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1

ID: 200732

URL: https://arstechnica.com/tech-policy/2021/02/epic-takes-its-fight-with-apple-across-the-sea-with-new-eu-complaint/

Date: 2021-02-17

Fortnite fight expands as Epic claims Apple broke EU competition law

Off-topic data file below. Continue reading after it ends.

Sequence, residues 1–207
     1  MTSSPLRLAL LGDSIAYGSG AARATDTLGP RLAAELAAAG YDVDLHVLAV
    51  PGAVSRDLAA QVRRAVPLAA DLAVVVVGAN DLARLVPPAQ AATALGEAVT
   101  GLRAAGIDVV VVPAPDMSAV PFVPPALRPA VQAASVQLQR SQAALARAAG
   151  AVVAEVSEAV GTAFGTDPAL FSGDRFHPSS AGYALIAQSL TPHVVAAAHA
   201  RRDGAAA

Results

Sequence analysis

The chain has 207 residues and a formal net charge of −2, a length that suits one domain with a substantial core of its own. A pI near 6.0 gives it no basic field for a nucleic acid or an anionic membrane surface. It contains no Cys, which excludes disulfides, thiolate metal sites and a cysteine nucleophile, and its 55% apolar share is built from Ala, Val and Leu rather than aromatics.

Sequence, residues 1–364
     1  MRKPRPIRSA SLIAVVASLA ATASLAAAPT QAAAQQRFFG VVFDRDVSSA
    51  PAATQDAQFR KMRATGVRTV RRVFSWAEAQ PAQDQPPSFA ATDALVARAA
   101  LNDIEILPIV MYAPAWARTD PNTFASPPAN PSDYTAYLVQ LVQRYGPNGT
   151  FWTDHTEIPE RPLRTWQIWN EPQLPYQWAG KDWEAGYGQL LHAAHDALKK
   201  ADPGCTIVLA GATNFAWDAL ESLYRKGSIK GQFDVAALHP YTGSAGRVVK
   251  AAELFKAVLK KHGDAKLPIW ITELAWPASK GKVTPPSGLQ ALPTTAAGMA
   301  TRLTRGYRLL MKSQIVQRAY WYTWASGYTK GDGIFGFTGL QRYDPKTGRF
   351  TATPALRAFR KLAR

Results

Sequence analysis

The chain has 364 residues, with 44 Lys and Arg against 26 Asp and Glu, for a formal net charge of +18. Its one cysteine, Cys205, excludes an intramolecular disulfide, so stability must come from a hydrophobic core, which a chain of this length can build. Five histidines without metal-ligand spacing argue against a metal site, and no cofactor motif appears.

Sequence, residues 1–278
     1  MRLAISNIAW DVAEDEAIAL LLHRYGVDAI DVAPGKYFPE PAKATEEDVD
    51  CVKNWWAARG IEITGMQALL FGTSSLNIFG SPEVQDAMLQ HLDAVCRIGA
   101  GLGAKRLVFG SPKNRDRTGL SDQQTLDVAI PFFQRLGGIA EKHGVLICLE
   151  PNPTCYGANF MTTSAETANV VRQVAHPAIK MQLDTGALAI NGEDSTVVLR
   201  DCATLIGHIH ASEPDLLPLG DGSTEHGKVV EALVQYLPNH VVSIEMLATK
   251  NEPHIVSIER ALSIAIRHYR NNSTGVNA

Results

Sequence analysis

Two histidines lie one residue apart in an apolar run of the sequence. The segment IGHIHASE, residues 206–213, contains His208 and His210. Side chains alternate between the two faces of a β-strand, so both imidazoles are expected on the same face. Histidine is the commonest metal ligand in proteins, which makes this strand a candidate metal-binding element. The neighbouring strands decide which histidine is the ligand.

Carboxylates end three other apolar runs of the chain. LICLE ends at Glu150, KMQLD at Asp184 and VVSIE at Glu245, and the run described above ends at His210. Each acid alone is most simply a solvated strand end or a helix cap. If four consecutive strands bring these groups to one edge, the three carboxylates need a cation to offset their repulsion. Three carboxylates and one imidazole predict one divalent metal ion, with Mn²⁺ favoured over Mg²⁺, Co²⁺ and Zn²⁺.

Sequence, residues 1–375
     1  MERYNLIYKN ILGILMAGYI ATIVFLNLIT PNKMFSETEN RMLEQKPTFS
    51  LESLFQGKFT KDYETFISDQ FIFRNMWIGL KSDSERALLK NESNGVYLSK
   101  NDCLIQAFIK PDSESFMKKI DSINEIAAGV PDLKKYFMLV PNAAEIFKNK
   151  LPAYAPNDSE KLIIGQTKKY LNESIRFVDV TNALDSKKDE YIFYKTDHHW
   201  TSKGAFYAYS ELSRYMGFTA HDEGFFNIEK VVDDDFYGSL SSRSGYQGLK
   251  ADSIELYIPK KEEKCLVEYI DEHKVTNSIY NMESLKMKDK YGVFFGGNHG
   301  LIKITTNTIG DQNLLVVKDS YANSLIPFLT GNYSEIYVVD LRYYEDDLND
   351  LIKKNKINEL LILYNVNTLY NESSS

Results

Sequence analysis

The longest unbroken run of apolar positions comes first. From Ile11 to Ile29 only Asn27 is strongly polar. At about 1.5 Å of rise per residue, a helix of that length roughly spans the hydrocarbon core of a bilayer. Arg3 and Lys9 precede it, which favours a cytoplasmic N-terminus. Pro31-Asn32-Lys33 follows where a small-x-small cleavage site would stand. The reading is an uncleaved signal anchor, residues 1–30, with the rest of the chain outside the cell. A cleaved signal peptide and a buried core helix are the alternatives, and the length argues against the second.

In the US, Epic is taking Apple to court; in the EU, it's heading to regulators. Epic Games, maker of Fortnite, is loading up a new map in its ongoing fight against Apple as it files an antitrust complaint against the mobile phone maker in the European Union. Epic alleges in its complaint that Apple uses its sole control over iOS apps to block competitors and benefit itself at developers' expense in violation of European competition law, the company said today. "Whats at stake here is the very future of mobile platforms," Epic CEO Tim Sweeney said in a written statement. "We will not stand idly by and allow Apple to use its platform dominance to control what should be a level digital playing field. Its bad for consumers, who are paying inflated prices due to the complete lack of competition among stores and in-app payment processing. And its bad for developers, whose very livelihoods often hinge on Apples complete discretion as to who to allow on the iOS platform, and on which terms. " Apple in turn said that Epic is the sole author of its own woes, writing that the company enabled a feature "which was not reviewed or approved by Apple," deliberately and provocatively breaking Apple's developer agreement by doing so. " Their reckless behavior made pawns of customers, and we look forward to making this clear to the European Commission," Apple claimed. Apple isn't wrong when it says Epic broke its rules on purpose. That's exactly what Epic did last August, when it suddenly unveiled an alternate in-app payment system for Fortnite purchases on Android and iOS. Apple explicitly requires all in-app purchases to go through its own payment system, where it takes a 30 percent cut of sales. A short time after Epic launched its alternate payment system—which offered players a discount on purchases to make the point— Apple booted Fortnite from the iOS app store. Epic, clearly ready and waiting, immediately filed a lawsuit alleging that Apple violated antitrust law. That case is still slowly moving through federal court and will be for some time. For now, Fortnite is still blocked from iOS, but other games using Epic's Unreal engine are still allowed for the time being. The judge overseeing the case has also thrown out some of Apple's counterclaims against Epic. As we've explained before, you do not need to have a literal monopoly over a market to be in violation of antitrust law. Instead, the law is concerned with how you use the power you have. Although Apple controls a minority of the global smartphone market (Android has a larger market share both in the US and worldwide), it nonetheless may be leveraging its business in anticompetitive ways. Epic is not the first to complain that Apple's iOS App Store is unlawful, and it seems unlikely to be the last. In the EU specifically, Spotify filed a similar complaint against Apple back in 2019. Spotify also has to use Apple's in-app payment system to take purchases, including subscription fees. Over time, Spotify alleged, Apple made it more and more difficult for app makers to direct users to pay outside Apple's ecosystem, such as through a website. In 2014, Spotify started taking in-app purchases on iOS but raised its prices by 30 percent—from almost 10 euros ($12) a month to almost 13 euros ($15.54) a month—to cover Apple's fees. Because Apple also owns and operates its own music service, Spotify alleged, the fee from Apple is directly anticompetitive and hurts rivals who challenge Apple's own first-party apps by putting them at a price disadvantage. Messaging app Telegram also filed a similar complaint with European regulators in 2020. Apple's app store practices are also under investigation here in the US. Last October, a Congressional report examining Big Tech firms' market power concluded that Apple uses the App Store in an exclusionary way. The committee responsible for writing the report found evidence that Apple company leadership, including former CEO Steve Jobs, had "acknowledged that [in-app payment] requirement would stifle competition and limit the apps available to Apple's customers."